Based on the feedback, the attendance, and the willingness of Mr. Montefusco to present another program in the future, we will likely look at hosting another seminar in 2018.

Many thank to the volunteers who showed up early to help set up and who stayed after the seminar to help clean up. Like most things, it takes a village to pull these events off and the help is greatly appreciated. If you haven't volunteered to help with one of our MFC events, please consider volunteering for the next one (we can never have too many volunteers!).

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Majors Field Flyout - 17June2017










































The Majors Field Flyout to the Mid America Flight Museum at the Mt. Pleasant airfield (KOSA) was a well attended and very enjoyable event. Scott Glover is the owner and ringleader of the museum and he and his staff of volunteers could not be more welcoming and accommodating. We have been working with Scott for several months trying to arrange this visit. They are now open on Saturdays from 10 a.m. - 2 p.m. which made it much easier to schedule a trip.

For several mornings prior to Saturday, the skies had been overcast. Friday morning was clear so we were hopeful but of course there was some cloud cover on Saturday morning. The ceiling was high enough to launch at 0900 from KGVT although the cloud cover at about 10 NM west of KOSA required descending through a clearing to a lower altitude for the last segment of the trip. The flight home was uneventful but not exactly cool at the lower altitudes caused by cloud cover. Word is the Cessna found clear skies and cooler temperatures at 4,500 ft.

The morning started with fourteen (14) folks and five (5) airplanes signed up to make the trip. Actually it was only four (4) airplanes. On Friday evening it was decided that a lack of parts was going to prevent the Harvest Aviation Cherokee 140 from being airworthy. Some scrambling ensued Saturday morning trying to figure out how to get everyone in a plane. Bob Thomas was asked to stop by Majors from Caddo Mills in his C-170 in case we needed his two spare seats and ten (10) gallons of fuel was pulled off the Archer to give us a bit more useful load. By the way, be very nervous if you see Tom Hubert walking around with an Arkansas credit card. As it turns out several personal issues and some changes of heart occurred before 0900 and with a total of ten (10) folks flying and four (4) airplanes (the two club planes, the Price's Cherokee 180, and Bob's C-170 from Caddo Mills), we were able to get everyone on a plane and no one had to drive.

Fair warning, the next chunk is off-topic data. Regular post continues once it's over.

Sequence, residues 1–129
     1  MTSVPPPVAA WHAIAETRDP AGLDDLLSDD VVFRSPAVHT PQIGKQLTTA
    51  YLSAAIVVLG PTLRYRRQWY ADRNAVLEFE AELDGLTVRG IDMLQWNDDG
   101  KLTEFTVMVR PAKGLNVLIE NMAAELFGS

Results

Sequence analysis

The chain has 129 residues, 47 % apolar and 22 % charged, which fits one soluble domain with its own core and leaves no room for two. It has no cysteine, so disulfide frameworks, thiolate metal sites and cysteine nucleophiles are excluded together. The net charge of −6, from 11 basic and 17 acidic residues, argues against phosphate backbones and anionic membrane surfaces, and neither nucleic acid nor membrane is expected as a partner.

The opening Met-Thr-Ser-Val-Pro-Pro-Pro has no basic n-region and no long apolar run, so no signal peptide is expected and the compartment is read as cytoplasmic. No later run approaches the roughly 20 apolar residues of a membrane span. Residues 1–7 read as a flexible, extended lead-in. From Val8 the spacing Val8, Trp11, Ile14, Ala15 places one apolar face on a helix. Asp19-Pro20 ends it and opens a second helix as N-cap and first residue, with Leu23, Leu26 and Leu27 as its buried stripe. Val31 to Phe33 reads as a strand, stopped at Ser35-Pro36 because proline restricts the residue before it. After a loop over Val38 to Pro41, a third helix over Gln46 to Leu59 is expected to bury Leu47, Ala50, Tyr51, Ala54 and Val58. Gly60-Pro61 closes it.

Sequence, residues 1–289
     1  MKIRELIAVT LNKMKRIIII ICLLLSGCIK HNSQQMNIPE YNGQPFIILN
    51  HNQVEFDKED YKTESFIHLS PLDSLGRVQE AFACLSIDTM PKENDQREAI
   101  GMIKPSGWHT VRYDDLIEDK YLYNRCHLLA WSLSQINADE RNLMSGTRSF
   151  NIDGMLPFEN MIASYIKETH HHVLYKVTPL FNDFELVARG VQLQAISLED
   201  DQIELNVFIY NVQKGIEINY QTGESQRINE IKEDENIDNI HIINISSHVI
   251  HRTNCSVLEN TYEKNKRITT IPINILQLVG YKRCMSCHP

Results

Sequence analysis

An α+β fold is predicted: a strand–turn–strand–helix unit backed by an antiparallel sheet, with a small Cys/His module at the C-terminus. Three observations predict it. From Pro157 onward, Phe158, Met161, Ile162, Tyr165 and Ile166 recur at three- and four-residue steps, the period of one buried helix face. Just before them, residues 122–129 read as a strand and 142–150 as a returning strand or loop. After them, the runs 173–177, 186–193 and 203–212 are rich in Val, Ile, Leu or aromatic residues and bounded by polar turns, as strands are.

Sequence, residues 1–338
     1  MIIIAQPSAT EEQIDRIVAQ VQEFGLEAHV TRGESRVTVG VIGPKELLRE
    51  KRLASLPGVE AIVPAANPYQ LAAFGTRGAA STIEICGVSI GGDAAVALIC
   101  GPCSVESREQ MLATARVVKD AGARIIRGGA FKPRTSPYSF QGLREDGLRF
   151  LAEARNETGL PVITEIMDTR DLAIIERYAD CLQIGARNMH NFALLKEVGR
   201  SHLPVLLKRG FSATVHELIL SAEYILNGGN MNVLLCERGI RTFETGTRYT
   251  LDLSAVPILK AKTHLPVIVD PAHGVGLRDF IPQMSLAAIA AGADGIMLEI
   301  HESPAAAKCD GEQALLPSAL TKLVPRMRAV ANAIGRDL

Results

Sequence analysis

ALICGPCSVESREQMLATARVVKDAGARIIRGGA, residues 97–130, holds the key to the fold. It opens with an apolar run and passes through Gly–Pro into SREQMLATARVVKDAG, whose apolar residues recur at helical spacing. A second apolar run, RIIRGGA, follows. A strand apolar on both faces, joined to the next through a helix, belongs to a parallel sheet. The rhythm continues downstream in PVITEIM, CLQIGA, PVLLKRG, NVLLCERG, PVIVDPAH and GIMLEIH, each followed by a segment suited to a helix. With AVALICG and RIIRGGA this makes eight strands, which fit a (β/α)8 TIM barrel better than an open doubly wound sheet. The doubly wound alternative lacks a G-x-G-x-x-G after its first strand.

It was a great tour. So many beautiful vintage and WWII airplanes and such an enthusiastic group of volunteers giving the tours makes it a great way to spend a couple of hours. Many thanks to Scott Glover and company.

The KOSA staff deserves a shout out as well. We talked with the manager, Paul Henderson, several times before the trip and he was more than welcoming. He offered courtesy cars, use of the conference room, ground transportation, and anything else he thought we might need. Paul was not there that morning but the gentlemen on duty (sorry, I forgot his name) was equally friendly and welcoming. Hopefully he has fully recovered from his carpal tunnel surgery.

Thanks to Bob and Benjamin Thomas, Derek and Beverly Price, Dennis Guinn, Ned Howard, Tom Hubert, Dennis Mathis, and Robert McEnaney for participating in this fly out.

Here is what we sent to Scott and the folks at the museum in an email:
Scott,

Thank you for setting up our tour on Saturday, June 17th. We ended up with a few less people and one less airplane than originally planned but the ten (10) of us in our four (4) airplanes from Majors Field (KGVT), Majors Flying Club, and Caddo Mills (7F3) really enjoyed the tour and the hospitality. Wayne gave us a great tour and John, Buddy, and Linda showed us some excellent hospitality.

Little things that contributed to the overall experience, over and above the magnificent airplanes, stand out like Buddy and John meeting us at the planes with ground transportation, and John taking the time to start all three of the courtesy cars and turn on the air conditioning to cool down the cars for us for our burger run to Herschel’s!

You have a beautiful venue staffed by great folks. Our hats are off to you for the tribute the WWII side of the museum gives to our veterans.

Take care and thanks again.
Majors Flying Club
Majors Field (KGVT)

Our fearless leader, Mr. Dennis Mathis, had this to say about the fly out in an email to the members:
For those of you who made the trip Saturday, I don't think you were disappointed ! We saw some magnificent aircraft in almost pristine condition. The most notable point is that all the aircraft are flyable. The big disappointment is that the Corsair was not there but was at Breckenridge. Seeing those old airplanes with the round engines was eye-watering. The assortment of aircraft ranged from a tiny RV-3 to the B-25, "God and Country", a Douglas A-26B "Invader", a Ford Tri-Motor, an Albatross, a C-41 (DC-3) and a host of other bi-wing aircraft, some of which I was not familiar with.

A little side note about the C-41 and another version called the C-41A. Both were based on the DC-3 and were probably the first DC-3s purchased for the military. These were one-of-a-kind aircraft and were used by the Chief of Staff of the Army, Gen Hap Arnold

After the museum tour, we went to Herschel's Family restaurant and had a good time with the food and chatter. One thing for sure, if we go back to Herschel's we are NOT MOVING TABLES !!!!